Two more directors pass muster in council panel
Pearson for water, Teruya for finance are recommended
WAILUKU — A council committee recommended approval Friday of Mayor Michael Victorino’s appointments of Jeffrey Pearson as water director and Scott Teruya as finance director.
The Governance, Ethics and Transparency Committee recommend Pearson’s confirmation by a vote of 7 to 2, with members Tamara Paltin and Keani Rawlins-Fernandez voting no. The vote for Teruya was unanimous, 7 to 0 with members Rawlins-Fernandez and Chairwoman Kelly King excused.
The committee ran out of time to vet the appointments of acting Public Works Director David Goode and acting Housing and Human Concerns Director Will Spence. Those nominations will be taken up at 2 p.m. Tuesday in Council Chambers.
That meeting will follow another one scheduled at 9 a.m. Tuesday to review acting Planning Director Michele McLean and acting Corporation Counsel Patrick Wong.
So far the committee has recommended approval of Parks Director Karla Peters, Transportation Director Marc Takamori, Environmental Management Director Michael Miyamoto and Managing Director Sandy Baz.
It has recommended the rejection of Prosecuting Attorney John D. Kim, a holdover from the Alan Arakawa administration, in a 5-4 vote late Wednesday night. Kim is the only Victorino nominee to date who has been recommended for rejection.
All of the committee recommendations head to the full council for action. The council has until March 9 to make a decision on the appointments; otherwise they will be deemed approved.
Committee Chairman Michael Molina said he intended to finish vetting the remaining appointments Tuesday and had no other recess meeting dates scheduled.
Water director appointee Pearson, who was CEO of the state Commission on Water Resource Management, has experience in the county water department, serving as deputy water director and capital improvement project manager.
Council Member Yuki Lei Sugimura, whose residency district is Upcountry, asked Pearson about clearing the Upcountry water meter wait list. She noted that Pearson said in written answers that one of his goals was to trim the list in half.
Pearson responded, saying that his answer on the questionnaire was done two weeks ago and that working more with the department he’s learned “that may not even be attainable.”
He explained that when someone is taken off the list because he or she received a meter it could be a “double-edged sword” because there now are more people drawing from limited sources.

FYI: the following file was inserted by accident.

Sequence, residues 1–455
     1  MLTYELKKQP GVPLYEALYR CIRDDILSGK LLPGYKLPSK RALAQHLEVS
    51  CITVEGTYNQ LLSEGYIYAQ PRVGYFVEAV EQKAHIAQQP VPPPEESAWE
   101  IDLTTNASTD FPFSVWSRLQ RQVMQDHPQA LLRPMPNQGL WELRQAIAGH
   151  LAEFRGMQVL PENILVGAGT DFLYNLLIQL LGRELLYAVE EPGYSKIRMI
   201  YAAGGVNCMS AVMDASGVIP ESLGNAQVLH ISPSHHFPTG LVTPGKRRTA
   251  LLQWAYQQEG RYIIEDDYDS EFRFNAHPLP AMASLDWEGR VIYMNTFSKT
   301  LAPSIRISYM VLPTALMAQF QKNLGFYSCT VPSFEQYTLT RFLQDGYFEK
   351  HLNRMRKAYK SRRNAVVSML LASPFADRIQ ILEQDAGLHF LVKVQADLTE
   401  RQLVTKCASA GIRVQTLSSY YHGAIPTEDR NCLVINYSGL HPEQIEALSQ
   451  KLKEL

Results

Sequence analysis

Pearson suggested a meeting with the department, consultants and Council Member Alice Lee, who chairs the council Water and Infrastructure Committee; the group could learn about the issues surrounding the list.
“We have to find a way to speed it up,” he said. “We have to ensure we have the sources available.”
Hearing testimony from Hui o Na Wai Eha, who raised concerns about Pearson’s appointment, King asked Pearson how he would work with that Native Hawaiian group and others. Hui o Na Wai Eha, a community-based nonprofit organization of taro farmers and Native Hawaiian practitioners, has battled to have water restored to streams in East Maui that Alexander & Baldwin had diverted for its former sugar fields.
Group representatives testified to the council committee that Pearson unfairly targeted kalo farmers for fines and did not properly enforce interim in-stream flow standards and stream work permits as head of the state Commission on Water Resource Management.
Pearson said Friday that his relations with those in the group “isn’t horrible” but isn’t great. He did acknowledge some difficult times. In response to King’s suggestion, Pearson said he could commit to meeting regularly with the group.
“I don’t feel it’s a lousy relationship,” Pearson said. “I can work harder to get a better relationship with them.”
He noted that in-stream flow standards are not easily enforced with water levels affected by rain and other factors. “It’s an imperfect system right now,” he said of the enforcement process.
During the committee vote, Paltin said she could not support Pearson, after listening to testifiers including the Na Wai Eha group. Rawlins-Fernandez said her naau was “twisted” and could not support the resolution for approval.
On Teruya’s nomination, Lee asked if he knows of ways to reduce wait times at the Division of Motor Vehicles and Licensing.
“Everything is possible,” Teruya replied.
The worst times to visit the DMVL are the first and last days of the month, he said. There are some days where it’s “quiet.”
Lee said she waited in line for 45 minutes for a license renewal that took 10 minutes. She suggested possibly opening on Saturdays, which Teruya said made fiscal sense.
Teruya offered the possibility of opening at nights and staffed by part-time workers.
Still, he needed to see if those proposals are feasible.
Teruya was asked by Sugimura if he had been contacted by a former council member regarding his appointment and whether he had the votes to be confirmed. She did not name the former council member.
“I was contacted,” Teruya said, adding that he was not told whether he would be voted “up or down.” The message Teruya said he received from the contact was that five members had “concerns.”
* Melissa Tanji can be reached at email@example.com.